If you're having trouble sleeping (which about 100% of women in this phase of pregnancy are), try to take little catnaps during the day, get one of those neato full-body pregnancy pillows, or at least lots of pillows that you can shove between your legs and under your belly to support your awkward shape more comfortably. Also, if you're feeling weird electrical tingles in your legs and inside your vagina, this would be none other than your not-so-little baby hitting various nerves as they settle into the pelvic area. If you're feeling sharp shooting pains instead of tingles, this would be your extra-evil-but-adorable baby pressing on your oh-so-very sensitive sciatic nerve. All we can recommend is some wincing, sitting down, and putting your feet up.
Fetal development in pregnancy week 37:fetus in ninth month It’s the calm before the storm. Changes in your baby's weight have leveled off with only a few ounces of fat added this week. At this point your baby should weigh in at around 7 lbs and 20 inches (with boys somewhat heavier and longer than girls). Happily, as far as internal organs go, they are now developed enough to function in the outside world although the oh-so-important immune system is still developing and will continue to do so after birth. With a large boost of antibodies provided by breast milk when nursing begins. Fighting infection and staying healthy should be well within their physical capacity when your little fighter is born.
And how's mom doing? Your health care provider will assess the likelihood of where you are relative to your upcoming birthing process—seeing as you’ve now arrived at that waiting phase that could turn into labor at any time. Various charming indicators such as loose stools, expelling your mucus plus (along with the bloody only 4-5% of women actual deliver on their predicted due date. What’s more if this is your first pregnancy, you can expect to be anywhere from two days to two weeks late show – see week 35), a dilated cervix and increased Braxton-Hicks contractions are all signs that labor is only a few days away. The infamous water breaking may or may not be your first true indicator that labor has commenced. However, water breaks for only 15% of mothers and despite what Hollywood would have us believe, is more frequently just a slow leak rather than a large gush.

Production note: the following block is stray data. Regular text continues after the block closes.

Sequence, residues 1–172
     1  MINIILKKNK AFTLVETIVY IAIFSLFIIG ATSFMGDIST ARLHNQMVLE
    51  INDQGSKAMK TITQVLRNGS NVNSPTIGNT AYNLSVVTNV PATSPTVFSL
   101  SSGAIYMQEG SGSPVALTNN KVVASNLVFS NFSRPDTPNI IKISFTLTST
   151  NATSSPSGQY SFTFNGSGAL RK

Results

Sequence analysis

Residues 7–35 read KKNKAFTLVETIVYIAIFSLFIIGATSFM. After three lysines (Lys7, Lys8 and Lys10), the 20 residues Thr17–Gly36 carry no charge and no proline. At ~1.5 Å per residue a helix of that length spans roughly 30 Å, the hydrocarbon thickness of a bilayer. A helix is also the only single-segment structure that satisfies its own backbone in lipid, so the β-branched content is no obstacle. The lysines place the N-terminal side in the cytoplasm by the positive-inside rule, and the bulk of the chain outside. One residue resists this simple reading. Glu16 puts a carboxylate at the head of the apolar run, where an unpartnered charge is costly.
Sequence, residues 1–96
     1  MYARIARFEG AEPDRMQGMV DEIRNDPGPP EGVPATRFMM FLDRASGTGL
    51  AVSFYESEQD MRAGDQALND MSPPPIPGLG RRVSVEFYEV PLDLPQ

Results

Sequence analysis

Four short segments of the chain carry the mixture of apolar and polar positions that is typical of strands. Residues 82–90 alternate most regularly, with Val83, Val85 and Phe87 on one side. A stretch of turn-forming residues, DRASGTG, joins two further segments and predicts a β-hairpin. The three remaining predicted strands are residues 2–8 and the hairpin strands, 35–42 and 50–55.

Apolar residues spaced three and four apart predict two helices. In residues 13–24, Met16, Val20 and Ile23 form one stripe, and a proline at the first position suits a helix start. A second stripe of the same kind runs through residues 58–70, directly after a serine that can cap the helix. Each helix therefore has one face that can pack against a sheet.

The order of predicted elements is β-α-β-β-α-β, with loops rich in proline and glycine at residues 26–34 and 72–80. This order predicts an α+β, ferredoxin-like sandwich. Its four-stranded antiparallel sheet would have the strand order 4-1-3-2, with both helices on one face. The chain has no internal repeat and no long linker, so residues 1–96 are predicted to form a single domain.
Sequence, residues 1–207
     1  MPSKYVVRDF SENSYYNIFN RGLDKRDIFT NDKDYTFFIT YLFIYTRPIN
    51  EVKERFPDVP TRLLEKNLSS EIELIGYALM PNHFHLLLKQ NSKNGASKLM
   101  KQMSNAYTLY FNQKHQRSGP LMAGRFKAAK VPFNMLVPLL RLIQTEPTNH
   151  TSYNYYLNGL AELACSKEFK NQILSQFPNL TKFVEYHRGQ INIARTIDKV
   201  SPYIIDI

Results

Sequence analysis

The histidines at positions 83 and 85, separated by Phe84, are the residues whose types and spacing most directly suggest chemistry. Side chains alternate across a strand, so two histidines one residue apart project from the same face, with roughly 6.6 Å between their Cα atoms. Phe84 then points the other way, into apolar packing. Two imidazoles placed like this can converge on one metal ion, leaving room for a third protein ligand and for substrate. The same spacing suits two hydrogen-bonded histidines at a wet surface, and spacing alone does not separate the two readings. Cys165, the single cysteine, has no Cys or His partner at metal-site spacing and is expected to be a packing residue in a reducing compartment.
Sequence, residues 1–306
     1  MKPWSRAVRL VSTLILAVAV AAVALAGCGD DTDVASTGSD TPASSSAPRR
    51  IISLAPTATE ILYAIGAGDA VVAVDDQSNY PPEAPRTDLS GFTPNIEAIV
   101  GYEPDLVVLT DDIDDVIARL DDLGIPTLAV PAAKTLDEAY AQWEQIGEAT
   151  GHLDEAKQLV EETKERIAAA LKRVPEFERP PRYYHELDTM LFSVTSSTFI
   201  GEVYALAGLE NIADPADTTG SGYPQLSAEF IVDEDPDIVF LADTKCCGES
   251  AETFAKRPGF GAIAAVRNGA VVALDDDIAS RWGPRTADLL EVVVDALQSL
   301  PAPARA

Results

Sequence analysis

Be patient: if labor doesn’t start this week, or even next, keep in mind that only 4-5% of women actual deliver on their predicted due date. What’s more if this is your first pregnancy, you can expect to be anywhere from two days to two weeks late. You can distract yourself by keeping track of fetal movements, mostly to reassure yourself that all is well with your little miracle. In the off chance that movements do start to decrease substantially, try not to freak out and instead, call your doctor of midwife and discuss it with them.
If you still haven’t decided whether to breastfeed or not, here’s a good reason: some experts estimate that mothers excrete between 400-700 calories a day while breastfeeding, and to compensate, you should be eating roughly 500 extra calories a day (mmm that’s like one spoonful of Ben and Jerry’s ice cream).